Stewardship and sustainability in a growing industry.
In an age where sustainability and stewardship are as important as yield, the state has led the way in reinventing the industry over the last century, from developing innovative worker’s compensation programs for loggers and sawmill workers at the turn of the 20th century to creating the world’s first tree farms, treating trees as an agricultural crop instead of a limited natural resource.
Despite many challenges faced over the years, the industry’s ability to innovate, modernize and diversify provides adequate proof that this major player in Washington’s economic past will continue to play a significant role in its future.
Diversity and growth.
Washington State’s forest products sector covers a broad range of business lines, from traditional cutting and lumber production to chips, sawdust, wood flooring, shingles, tiles, millwork, laminated veneer and fencing. The industry also encompasses pulp and paper and value-added products such as doors, window frames and stairs, offering companies a wide range of opportunities for expansion and growth.
About half of Washington is forested. In the Western part of the state, 75% of the trees are less than a century old and about half are less than 40 years old, considered the optimal harvest age. In 2014, more than 3.2 billion board feet of trees were harvested from private, federal and state lands, mostly Douglas-fir and western hemlock, accounting for 13% of total U.S. softwood lumber production and 7% of all plywood production in the United States. Private forestlands in Washington account for two-thirds of the state’s timber harvest.
With an eye on sustainability and stewardship, Washington’s 1,700+ forest products businesses employ some 42,000 workers, earning nearly $3 billion in wages annually. More than 10% of forestry-related jobs are “green” compared to about 3% for the state’s workforce as a whole. Gross business income is approximately $28 billion annually.
The future of forest products.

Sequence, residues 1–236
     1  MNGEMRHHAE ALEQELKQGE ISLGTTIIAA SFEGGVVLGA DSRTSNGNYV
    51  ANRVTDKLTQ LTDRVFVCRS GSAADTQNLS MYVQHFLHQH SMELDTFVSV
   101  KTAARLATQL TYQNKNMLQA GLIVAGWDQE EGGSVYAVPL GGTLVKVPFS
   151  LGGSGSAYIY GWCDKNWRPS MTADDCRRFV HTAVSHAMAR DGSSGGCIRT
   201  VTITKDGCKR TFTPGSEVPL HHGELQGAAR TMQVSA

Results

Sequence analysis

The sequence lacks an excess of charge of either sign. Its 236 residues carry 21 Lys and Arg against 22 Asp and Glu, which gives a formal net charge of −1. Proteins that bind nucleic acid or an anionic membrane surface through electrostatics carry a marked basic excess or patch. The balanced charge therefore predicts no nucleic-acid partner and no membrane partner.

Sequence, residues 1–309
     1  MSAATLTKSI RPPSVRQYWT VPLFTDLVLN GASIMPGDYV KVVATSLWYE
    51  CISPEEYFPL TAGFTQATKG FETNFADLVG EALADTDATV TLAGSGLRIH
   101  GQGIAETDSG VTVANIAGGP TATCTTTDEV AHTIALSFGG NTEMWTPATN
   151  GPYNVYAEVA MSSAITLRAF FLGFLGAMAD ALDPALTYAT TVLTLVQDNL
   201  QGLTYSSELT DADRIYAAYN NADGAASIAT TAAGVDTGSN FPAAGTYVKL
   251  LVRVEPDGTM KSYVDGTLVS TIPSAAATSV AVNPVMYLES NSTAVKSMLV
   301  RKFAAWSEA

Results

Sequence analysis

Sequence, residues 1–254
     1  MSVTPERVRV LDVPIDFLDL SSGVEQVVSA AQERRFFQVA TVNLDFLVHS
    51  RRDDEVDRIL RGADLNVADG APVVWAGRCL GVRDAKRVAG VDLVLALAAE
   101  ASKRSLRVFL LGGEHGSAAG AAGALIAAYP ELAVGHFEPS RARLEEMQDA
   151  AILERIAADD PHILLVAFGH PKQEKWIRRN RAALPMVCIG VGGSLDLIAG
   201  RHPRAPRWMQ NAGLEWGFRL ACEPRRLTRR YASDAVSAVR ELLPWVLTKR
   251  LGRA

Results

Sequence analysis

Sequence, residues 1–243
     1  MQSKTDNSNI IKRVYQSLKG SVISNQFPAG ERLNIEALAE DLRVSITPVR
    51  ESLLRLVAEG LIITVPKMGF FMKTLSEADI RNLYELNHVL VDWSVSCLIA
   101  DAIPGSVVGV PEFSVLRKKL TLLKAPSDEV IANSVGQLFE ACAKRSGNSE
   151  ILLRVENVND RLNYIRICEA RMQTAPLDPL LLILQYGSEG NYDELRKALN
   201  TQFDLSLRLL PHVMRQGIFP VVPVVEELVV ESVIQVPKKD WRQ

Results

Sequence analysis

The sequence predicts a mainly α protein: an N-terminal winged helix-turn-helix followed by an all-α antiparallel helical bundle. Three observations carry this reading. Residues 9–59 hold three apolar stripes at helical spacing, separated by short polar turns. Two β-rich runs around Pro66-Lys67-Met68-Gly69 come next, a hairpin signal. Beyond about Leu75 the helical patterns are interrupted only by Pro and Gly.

With advances in growth strategies and timber management practices, per acre yields are predicted to continue to climb in the years to come, ensuring a steady supply of forest products for the industry.
Advances in construction, such as cross-laminated timber (CLT), combined with the understanding that wood-based materials produce less air and water pollution, generate lower CO2 emissions and require less energy to produce than other materials, will continue to fuel industry growth for the foreseeable future.
The age-old use of biomass to power saw and paper mills is having a spillover effect as processes are modernized and optimized for use on a broader scale in communities throughout Washington. New enterprises and new innovations continue to find uses for the entire tree, from milled lumber to biofuels.
In fact, the University of Washington and Washington State University are conducting research on how forest products can be used to power the nation’s airliners. This cutting-edge research has drawn interest from the Department of Defense, Boeing and Alaska Airlines, which conducted test flights using this new generation of forest-driven fuels.
For Washington State companies, the forest products industry offers new opportunities as a centuries-old state industry meets the challenges of the future, not only in the areas of sustainable, responsible stewardship of private and public lands, but the use of forest products in new ways to meet growing worldwide demand for premium Washington State forest products.
We’re a cut above the others!
Whether you’re planning to take the world by storm with a new line of wood furnishings or investing in next-generation CLT products, Washington State is the ideal choice.
Our culture of creativity,
To learn more about our forest products sector, give us a call at (206) 256-6100 or use the email contact below. We’ll be happy to answer your questions and help your business achieve success in Washington.
Brian Hatfield, Forest Products Sector Lead & Rural Economic Development Advisor – Phone: (360) 819-2936